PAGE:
What is the Federal Estate Tax Threshold?

man jumping over the threshold of one cliff to another

The Estate Tax is a tax on your right to transfer property at your death. Depending on the value of your Taxable Estate, the property that you hold at death may be subject to federal or state estate tax.

In this article, we explore the federal estate tax. If you want to learn more about state estate taxes, we wrote about the states that have estate and inheritance taxes in a different post.

Who Pays the Federal Estate Tax?

Most relatively modest estates do not require the filing of an estate tax return. Only estates with combined Gross Estate values in excess of the federal exemption threshold, also known as the Basic Exclusion Amount or BEA, require the filing of a Form 706 estate tax return, and those estates only pay on the value by which their Taxable Estates exceed the federal threshold.

What is the Federal Estate Tax Exemption Threshold?

The Federal Estate Exemption Threshold is the taxable value above which an estate is taxed. The estate tax threshold doubled through the Tax Cuts and Jobs Act under then-President Donald Trump to $11.18 million in 2018 and is scheduled to increase with the inflation rate through 2025. On January 1, 2026, the exemption threshold is set to return to what it was before 2018, $5.6 million, unless Congress extends or boosts the exemptions.

The estate tax exemption threshold for 2024 is $13,610,000.

Year Federal Tax Exemption Threshold
2018 $11,180,000
2019 $11,400,000
2020 $11,580,000
2021 $11,700,000
2022 $12,060,000
2023 $12,920,000
2024 $13,610,000
2026 $5,490,000 + inflation (2017-2026)

What is the Federal Estate Tax Rate?

Contrary to popular misconception, the federal estate tax rate is not a flat 40% tax rate. Similar to income tax rates, the federal estate tax rate is a progressive tax with a base tax amount and marginal rates that increases based on a Unified Rate Schedule managed by the IRS. The rate starts at 18% and increases progressively to 40% for taxable amounts over $1 million.

Unified Rate Schedule | Federal Estate Tax
Taxable Amount Over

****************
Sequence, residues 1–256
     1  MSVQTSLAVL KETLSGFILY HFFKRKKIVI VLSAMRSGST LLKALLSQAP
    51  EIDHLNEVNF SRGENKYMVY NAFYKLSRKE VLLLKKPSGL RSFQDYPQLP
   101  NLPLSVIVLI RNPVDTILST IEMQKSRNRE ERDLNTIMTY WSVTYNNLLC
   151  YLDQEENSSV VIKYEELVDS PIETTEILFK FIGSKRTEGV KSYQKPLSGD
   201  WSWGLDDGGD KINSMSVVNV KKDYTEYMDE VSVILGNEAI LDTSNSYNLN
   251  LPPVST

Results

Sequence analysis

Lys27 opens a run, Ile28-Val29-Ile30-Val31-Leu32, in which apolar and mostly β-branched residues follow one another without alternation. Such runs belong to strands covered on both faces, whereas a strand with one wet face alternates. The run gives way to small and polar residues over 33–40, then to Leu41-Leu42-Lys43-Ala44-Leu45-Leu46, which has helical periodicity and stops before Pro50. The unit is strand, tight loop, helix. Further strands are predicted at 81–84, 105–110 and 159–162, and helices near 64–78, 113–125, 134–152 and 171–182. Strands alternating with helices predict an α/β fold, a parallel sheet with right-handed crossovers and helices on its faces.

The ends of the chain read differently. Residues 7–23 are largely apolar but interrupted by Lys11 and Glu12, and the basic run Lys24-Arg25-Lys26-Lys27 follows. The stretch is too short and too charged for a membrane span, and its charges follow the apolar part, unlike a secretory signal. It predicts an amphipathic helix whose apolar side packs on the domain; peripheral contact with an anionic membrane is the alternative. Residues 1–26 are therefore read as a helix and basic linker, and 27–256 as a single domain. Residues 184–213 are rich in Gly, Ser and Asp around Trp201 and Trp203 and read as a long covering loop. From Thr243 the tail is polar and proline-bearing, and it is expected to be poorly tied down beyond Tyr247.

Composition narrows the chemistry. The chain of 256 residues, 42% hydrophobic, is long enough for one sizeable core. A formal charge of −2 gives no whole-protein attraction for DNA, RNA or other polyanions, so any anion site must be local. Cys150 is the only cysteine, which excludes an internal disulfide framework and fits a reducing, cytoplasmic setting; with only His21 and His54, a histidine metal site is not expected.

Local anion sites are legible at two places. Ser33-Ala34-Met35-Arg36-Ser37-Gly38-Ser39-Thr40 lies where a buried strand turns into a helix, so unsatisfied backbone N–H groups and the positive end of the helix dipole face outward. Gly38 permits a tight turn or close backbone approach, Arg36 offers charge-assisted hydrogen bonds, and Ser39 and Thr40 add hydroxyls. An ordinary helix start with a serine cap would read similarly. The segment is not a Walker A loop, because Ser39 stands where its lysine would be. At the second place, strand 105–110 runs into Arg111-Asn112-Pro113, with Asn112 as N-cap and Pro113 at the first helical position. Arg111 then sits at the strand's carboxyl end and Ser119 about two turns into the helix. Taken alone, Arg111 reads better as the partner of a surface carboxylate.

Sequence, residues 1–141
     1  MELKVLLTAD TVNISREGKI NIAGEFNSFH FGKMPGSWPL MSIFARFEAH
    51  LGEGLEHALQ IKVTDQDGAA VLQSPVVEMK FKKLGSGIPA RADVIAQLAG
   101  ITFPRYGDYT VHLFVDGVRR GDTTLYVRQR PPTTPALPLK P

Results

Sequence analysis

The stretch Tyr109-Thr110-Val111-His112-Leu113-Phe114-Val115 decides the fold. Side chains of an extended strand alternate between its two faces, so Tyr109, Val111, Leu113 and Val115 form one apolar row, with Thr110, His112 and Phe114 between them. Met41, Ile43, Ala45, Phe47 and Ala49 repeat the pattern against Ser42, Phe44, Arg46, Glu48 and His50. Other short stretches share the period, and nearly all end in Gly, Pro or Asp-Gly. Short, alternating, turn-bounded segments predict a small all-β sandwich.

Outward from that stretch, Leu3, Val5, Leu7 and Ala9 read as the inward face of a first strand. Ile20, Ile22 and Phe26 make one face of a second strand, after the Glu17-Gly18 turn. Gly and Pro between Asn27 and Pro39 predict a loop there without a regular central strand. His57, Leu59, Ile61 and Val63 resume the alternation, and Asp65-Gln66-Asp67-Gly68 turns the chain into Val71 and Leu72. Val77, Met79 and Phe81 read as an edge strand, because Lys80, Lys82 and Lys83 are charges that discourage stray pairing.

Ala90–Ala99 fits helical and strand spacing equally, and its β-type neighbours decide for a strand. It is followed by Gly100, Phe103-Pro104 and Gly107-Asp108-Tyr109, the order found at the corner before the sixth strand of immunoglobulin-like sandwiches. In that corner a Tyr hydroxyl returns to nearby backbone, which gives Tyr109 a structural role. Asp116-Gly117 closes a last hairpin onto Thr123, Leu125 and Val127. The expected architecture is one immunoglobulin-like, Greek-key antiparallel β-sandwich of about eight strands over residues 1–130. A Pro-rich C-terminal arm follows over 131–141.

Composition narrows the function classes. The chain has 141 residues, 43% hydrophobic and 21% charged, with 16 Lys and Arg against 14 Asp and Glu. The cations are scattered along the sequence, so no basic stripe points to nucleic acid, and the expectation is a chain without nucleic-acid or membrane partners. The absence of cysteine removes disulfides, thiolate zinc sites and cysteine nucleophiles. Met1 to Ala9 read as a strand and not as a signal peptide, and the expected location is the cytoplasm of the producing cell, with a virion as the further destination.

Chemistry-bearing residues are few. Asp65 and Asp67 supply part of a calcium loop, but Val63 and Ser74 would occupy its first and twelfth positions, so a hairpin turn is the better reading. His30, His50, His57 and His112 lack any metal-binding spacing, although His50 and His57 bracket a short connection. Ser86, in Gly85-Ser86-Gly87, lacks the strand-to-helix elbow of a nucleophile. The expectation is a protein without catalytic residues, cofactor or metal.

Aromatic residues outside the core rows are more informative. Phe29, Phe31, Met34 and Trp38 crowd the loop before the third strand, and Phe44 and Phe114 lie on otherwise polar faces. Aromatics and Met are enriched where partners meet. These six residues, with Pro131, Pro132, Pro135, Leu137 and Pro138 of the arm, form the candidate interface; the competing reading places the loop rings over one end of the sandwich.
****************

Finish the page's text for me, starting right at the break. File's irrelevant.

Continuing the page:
Column A
Taxable Amount Not Over
Column B
Base Tax Amount
Column C
Tax Rate on Excess Over Column A
Column D
$0 $10,000 $0 18%
$10,000 $20,000 $1,800 20%
$20,000 $40,000 $3,800 22%
$40,000 $60,000 $8,200 24%
$60,000 $80,000 $13,000 26%
$80,000 $100,000 $18,200 28%
$100,000 $150,000 $23,800 30%
$150,000 $250,000 $38,800 32%
$250,000 $500,000 $70,800 34%
$500,000 $750,000 $155,800 37%
$750,000 $1,000,000 $248,300 39%
$1,000,000 --- $345,800 40%

Pairing the Federal Estate Tax Exemption threshold with the Unified Rate Schedule, we see that a Taxable Estate of $15,000,000 would, notwithstanding any other adjustments, pay $501,800 of federal estate tax in 2022. Here's how it works:

  1. Determine value subject to estate tax by taking the difference between $15,000,000 and the $13,610,000 exemption threshold for 2022 ($1,390,000)
  2. Match the amount subject to tax to the correct row on the Unified Rate Schedule
  3. Find the difference between the amount subject to tax and the matching lower bound amount in Column A ($1,390,000 - $1,000,000 = $390,000)
  4. The sum of the matching base tax amount ($345,800) and the variable tax amount (40% * $390,000) is the total federal estate tax due ($501,800).

Decreasing Your Taxable Estate

If you are concerned that you will exceed your state or federal tax exemption threshold, you may wish to speak with an accountant or financial advisor to explore whether one or more common estate tax minimizing strategies may be appropriate for you.


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